Reading faster and remembering more has been a dream to me since my teenage years. 

So many books, so little time. — Frank Zappa

If the quote above touches your soul, then I’m thrilled to tell you how I satisfy my cravings for absorbing as much knowledge as possible.

Normally, I finish a 300-page book in less than a week, and I read merely during my commutes to work which adds up to 2 hours.

Noteworthy to add that I merely read non-fiction books, and if you think I might be forgetting most of the material, well, I have to say: absolutely not.

I still remember the title to all the 15 chapters of the last book (Predictably Irrational by Dan Ariely) I read as well as the key ideas of each chapter.

So good to be true?

Well, There is no magic at work here. All you need to have are the followings:

  1. A zest for knowledge
  2. The right method
  3. The right tools
  4. The right mental techniques

Given that you are reading this article, I presume you already satisfy the first requirement. So let’s move on to the second.

2. Read Faster: The Right Method

Think before you speak. Read before you think. — Fran Lebowitz

All of my endeavors to find the best reading techniques were to address these two cravings of mine:

  • Reading much faster
  • Retaining much more
read faster remember more
Fig 1. Fast Reading
I faced two obstacles to achieving them.

First, I constantly found myself lost in the endless maze of my thoughts.

Second, even if I was focused, I simply couldn’t read fast enough, and none of the speed reading techniques worked for me. 

After experimenting a lot, I finally found what actually works like a charm:

Exploiting both the visual and auditory senses for reading.

So here’s the method: I follow the text while listening to it. That’s it.

All you need is the text of the book (either in form of e-book or hard-copy) and an audio version of the book.

This simple method without any further tweaks utterly resolved my focusing problem.

Addressing my speed reading desire at this point was a piece of cake. I simply started to increase the playback speed of the audiobook.

Initially, 1.25x, then 1.5x and now I can readily follow the audio and the text at 2x speed. (Given that I’m not reading a book like how the mind works by Steven Pinker.)

3. Read Faster: The Right Tools

I have two different sets of tools that enables me to follow this combinatory method. (these are my personal picks and I am not affiliated with any of the following.)

In the first tool set, I use an amazing application on my iPad called PDF Expert.

This application has a wonderful text-to-speech functionality and you can adjust the speed of the narration.

Thus, you get to look at the text, while the app is reading it for you.

As for the narration, it is surprisingly smooth and human-like. Using PDF Expert I no longer have to purchase the audiobook separately.

The second toolset that I use includes my kindle and the Audible application.

I get to have the text on my Kindle and have the audiobook on my mobile. The audible application lets you adjust the narration speed as well.

We’re done for the speed part, what about the retention?

4. Remember More: The Right Mental Techniques

Our brain naturally is not adept at retaining facts, numbers, etc. What our brain is remarkably good at, however, is retaining images; hence the quote:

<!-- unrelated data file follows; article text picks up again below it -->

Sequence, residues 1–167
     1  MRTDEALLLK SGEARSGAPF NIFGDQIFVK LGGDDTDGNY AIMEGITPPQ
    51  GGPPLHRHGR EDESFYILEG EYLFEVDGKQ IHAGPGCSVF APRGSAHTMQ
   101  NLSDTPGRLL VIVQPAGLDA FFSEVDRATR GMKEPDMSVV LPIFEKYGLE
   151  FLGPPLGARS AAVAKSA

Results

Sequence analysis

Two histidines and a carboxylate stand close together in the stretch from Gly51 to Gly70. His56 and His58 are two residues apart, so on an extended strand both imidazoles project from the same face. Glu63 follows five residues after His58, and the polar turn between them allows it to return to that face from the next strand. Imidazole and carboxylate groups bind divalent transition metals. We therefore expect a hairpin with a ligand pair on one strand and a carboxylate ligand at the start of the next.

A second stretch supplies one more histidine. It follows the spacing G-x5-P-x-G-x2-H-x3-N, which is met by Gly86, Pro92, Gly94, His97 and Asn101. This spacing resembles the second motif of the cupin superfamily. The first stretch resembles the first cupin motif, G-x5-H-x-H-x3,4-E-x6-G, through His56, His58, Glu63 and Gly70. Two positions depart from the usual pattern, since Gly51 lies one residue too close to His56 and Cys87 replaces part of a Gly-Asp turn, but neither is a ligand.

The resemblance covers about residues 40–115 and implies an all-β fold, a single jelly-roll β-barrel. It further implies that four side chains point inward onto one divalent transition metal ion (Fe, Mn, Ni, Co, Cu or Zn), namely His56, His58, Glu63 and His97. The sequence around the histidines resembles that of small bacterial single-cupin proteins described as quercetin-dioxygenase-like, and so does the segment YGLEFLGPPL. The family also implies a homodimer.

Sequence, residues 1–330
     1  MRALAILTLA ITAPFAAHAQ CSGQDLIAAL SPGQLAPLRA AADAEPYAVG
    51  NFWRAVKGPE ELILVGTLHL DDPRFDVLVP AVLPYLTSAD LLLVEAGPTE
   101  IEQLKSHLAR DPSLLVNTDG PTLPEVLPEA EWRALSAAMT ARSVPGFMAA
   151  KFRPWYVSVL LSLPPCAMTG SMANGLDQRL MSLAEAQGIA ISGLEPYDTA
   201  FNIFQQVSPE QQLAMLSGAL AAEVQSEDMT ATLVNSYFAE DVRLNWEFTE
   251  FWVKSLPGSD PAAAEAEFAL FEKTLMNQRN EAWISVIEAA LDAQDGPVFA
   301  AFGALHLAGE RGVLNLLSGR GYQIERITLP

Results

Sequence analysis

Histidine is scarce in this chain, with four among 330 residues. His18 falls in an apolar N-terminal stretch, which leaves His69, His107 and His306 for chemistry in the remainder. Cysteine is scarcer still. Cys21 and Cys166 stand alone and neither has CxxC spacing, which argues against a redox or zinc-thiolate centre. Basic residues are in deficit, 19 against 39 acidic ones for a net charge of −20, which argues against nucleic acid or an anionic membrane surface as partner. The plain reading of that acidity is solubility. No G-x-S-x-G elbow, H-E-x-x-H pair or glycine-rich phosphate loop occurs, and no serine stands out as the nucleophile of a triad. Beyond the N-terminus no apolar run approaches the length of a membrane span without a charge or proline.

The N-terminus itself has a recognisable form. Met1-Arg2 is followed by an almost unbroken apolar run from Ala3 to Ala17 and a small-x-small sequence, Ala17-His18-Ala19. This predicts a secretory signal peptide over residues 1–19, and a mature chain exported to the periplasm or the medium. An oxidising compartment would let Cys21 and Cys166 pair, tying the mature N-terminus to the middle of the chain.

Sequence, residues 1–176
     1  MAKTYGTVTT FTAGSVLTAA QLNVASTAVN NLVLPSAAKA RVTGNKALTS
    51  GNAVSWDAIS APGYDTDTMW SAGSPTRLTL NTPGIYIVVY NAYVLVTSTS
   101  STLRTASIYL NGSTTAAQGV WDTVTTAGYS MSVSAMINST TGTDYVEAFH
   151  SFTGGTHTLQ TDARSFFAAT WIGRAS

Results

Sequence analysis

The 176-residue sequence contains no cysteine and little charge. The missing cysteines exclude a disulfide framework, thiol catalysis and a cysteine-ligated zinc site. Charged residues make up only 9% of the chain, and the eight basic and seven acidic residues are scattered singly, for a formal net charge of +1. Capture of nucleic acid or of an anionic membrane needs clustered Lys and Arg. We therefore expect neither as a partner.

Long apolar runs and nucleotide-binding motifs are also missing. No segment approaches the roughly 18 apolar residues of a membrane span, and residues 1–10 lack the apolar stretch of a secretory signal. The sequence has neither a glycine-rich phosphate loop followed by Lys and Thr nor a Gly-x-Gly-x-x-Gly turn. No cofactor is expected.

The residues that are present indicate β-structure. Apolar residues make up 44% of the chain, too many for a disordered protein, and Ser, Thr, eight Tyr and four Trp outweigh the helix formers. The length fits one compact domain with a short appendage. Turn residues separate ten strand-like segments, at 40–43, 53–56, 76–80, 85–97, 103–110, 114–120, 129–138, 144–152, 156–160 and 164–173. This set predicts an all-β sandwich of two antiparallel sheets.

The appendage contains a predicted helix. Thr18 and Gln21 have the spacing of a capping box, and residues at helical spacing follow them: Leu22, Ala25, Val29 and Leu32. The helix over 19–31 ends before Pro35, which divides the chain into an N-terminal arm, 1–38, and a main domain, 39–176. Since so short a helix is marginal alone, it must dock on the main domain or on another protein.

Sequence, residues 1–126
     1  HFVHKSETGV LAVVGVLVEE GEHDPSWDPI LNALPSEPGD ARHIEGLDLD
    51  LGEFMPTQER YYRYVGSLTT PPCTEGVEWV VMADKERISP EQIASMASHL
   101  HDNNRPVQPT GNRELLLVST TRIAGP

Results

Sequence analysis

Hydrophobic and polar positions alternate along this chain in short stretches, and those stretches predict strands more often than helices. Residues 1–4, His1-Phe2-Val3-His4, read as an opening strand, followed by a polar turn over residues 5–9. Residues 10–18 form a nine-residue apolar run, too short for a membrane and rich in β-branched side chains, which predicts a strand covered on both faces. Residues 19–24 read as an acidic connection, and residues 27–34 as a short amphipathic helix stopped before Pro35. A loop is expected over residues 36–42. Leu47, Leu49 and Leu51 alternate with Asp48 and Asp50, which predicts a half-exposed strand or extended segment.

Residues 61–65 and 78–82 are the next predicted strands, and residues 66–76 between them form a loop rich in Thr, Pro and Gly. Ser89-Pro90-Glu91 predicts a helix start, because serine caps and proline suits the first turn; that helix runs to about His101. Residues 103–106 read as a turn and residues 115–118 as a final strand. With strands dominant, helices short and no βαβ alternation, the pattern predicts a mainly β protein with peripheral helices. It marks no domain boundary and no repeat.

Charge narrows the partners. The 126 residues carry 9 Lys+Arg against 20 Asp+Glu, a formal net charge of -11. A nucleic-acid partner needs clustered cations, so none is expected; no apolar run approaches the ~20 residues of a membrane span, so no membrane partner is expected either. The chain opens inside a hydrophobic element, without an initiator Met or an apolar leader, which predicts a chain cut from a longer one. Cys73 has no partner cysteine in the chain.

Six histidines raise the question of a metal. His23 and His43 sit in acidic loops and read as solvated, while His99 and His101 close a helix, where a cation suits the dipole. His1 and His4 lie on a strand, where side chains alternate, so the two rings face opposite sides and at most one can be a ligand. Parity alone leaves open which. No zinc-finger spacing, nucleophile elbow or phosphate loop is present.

A picture is worth a thousand words.

Let’s have a brief experiment. Look carefully at the following image for 20 seconds:

fast reading
Fig 2. Captured by Johannes Plenio at Pixabay

Now, try to recite as many things as you can.

How many did you get? 10? 15? 20?

With the 20 seconds limitation, could you pull off the same feat if the words were written down on a paper?

When it comes to memorizing, it’s not about how strong your memory is, it’s about how efficiently you use it.

So, burning facts into your memory is as simple as converting them into images, which works enormously well for retention.

Now, what about accessing and retrieving those facts?

There is one more step to guarantee successful retention and retrieval: putting those images you mentally constructed, into a place that you know by heart.

This is the very concept of a memory palace.

mind map
Fig 3. Memory Palace by Sam Falconer

In summary, this is how I chisel a book into my brain using the memory palace technique:

  1. For each book, I designate a place with which I am quite familiar such as my childhood school, or my office, etc. Let’s say I choose my office for now.
  2. Next, for each chapter, I consider an area in that office, such as a room or the kitchen.
  3. Then, I transform the chapter title I’m about to read, into a memorable image. Images that invoke emotions within you, images that are provocativehumorousextraordinary or exaggerated, in general, stick far better than other images.
  4. After constructing the image for the chapter’s title, I put it on the entrance of that area (room, kitchen, etc.)
  5. From now on, if there are any facts that I want to remember, again, I turn them into images and put them in that room, one by one, side by side.

How to Retrieve From Memory Palace

After filling the office with images, remembering the chapters and facts would be as simple as an imaginary walk through the office or the place you have chosen. That’s it.

Final Thoughts

Knowledge is of no value unless you put it into practice — Anton Chekhov

I must point out that I view knowledge as merely an initial attempt towards growth.

The “knowledge is power” is true only so long as you absorb as much as you can and synthesize them into action. That’s how you rise above the crowd.

I hope this article helps you at least with the first part of the equation, absorbing as much as possible.

Happy thriving.

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